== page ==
Tesi di laurea magistrale LM5
"Intellectual Privacy": Trade Secrets and the Propertization of Consumers' Personal Data in the EU
Corso di studi
relatore Prof.ssa Calderai, Valentina
- Personal Data
- Trade Secrets
- Propertization of Data
- Data Protection
Data inizio appello
Data di rilascio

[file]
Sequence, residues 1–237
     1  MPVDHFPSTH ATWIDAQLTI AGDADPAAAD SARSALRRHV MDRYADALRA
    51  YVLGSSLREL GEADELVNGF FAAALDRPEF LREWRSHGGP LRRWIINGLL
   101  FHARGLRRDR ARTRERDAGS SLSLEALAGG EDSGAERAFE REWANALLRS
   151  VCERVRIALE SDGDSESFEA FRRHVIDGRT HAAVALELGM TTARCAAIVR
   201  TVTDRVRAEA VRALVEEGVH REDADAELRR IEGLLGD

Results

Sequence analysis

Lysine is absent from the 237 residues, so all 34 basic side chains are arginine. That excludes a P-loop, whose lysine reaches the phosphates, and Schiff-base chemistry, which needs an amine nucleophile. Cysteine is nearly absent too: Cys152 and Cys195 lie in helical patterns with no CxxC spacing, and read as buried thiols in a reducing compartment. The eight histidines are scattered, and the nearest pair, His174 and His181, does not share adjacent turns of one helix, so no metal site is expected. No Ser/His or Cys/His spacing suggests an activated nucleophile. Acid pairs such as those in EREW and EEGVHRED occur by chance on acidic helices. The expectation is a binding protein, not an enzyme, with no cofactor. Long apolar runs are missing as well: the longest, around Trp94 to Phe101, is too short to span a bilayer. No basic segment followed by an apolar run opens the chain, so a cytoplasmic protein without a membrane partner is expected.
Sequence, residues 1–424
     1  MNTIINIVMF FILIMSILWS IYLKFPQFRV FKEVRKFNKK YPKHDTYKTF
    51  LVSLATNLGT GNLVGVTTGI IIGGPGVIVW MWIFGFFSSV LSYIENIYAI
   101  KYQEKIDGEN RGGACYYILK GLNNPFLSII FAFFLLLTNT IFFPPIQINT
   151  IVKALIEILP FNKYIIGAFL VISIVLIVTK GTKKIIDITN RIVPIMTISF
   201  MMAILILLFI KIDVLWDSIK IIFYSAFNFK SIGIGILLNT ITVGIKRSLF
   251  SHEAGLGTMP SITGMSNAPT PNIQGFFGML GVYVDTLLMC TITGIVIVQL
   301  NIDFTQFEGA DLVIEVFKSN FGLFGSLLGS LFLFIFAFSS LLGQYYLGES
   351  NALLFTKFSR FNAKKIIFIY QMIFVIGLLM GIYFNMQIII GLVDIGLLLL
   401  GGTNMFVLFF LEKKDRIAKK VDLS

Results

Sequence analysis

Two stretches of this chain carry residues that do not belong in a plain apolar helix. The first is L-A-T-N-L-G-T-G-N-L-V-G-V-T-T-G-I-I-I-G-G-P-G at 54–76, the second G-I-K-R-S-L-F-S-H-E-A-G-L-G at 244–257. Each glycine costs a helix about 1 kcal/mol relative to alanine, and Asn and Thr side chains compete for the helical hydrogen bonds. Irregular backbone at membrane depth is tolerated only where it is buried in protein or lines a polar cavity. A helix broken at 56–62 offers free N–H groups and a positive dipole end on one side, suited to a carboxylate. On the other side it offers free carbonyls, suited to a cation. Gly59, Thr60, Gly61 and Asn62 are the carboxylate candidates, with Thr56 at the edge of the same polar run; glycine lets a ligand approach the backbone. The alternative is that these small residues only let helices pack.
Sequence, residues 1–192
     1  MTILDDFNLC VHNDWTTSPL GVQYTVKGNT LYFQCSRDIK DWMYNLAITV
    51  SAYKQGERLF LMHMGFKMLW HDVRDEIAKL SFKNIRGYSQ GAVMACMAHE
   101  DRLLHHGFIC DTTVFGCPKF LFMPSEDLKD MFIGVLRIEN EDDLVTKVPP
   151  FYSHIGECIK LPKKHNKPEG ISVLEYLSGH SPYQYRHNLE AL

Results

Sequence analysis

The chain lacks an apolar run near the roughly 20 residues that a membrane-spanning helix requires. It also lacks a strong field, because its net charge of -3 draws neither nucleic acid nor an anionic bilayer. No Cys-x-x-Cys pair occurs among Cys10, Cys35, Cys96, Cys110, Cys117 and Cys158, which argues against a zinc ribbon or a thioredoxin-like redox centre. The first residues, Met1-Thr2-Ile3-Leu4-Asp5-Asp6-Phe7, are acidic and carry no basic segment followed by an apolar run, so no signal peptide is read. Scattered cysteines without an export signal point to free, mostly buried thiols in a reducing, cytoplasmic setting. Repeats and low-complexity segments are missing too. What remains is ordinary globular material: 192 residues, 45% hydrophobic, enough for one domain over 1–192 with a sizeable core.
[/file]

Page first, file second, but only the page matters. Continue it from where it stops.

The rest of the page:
This paper attempts to find a much-needed balance between data protection rights and trade secret rights on customer information in the European Union framework. Our analysis proposes a “shared management” of secret data between businesses and customers based on an operation of de-contextualization of customer databases.<br>Several rights are in conflict in these two legal domains. For instance, the right to access to personal data and the new proposed right to “data portability” conflict with the interests of trade secret holders. What is even more problematic is that both analyzed legal frameworks are more and more based on a “proprietary” approach to data: they are both a form of abstract “monopoly”.<br>In a first step we analyze, in comparison with USA law, when and how the scope of data protection and trade secret protection coincide in practice, according to the proposed EU reforms in the field. As illustrated by literature, balancing rules in these two frameworks are vague and schizophrenic. However, from a literal interpretation of the analyzed it is possible to understand a “favor” for data protection rights.<br>In analyzing the apparent favor to personality rights compared to other (e.g., economic) rights we investigate (both in USA and selected European states) trade secrets in the perspective of personality rights and data protection rights. As a result of our study we propose a change in perspective from the contrast between customers and businesses, to the conflict between customers and businessmen that enables us to verify whether and when personality rights of data subjects affect the above-mentioned personality rights of businessman in practice.<br>the paper proposes to “decontextualize” secret data so that customers can access only data strictly related to their biographical information while trade secret holders can be free not to disclose the output of their data processing (behavior evaluation, forecast, studies on life expectancy, personalized marketing plan, pricing, etc.) if disclosure can adversely affect their interests. In this framework the “proprietary” approach of European laws must be caught as an opportunity, not as an obstacle: we can consider secret data as a “shared good” of customers and businessmen. A multi-level management of data should be based on interests that are common to customers and trade secret holders (secrecy and data updating).
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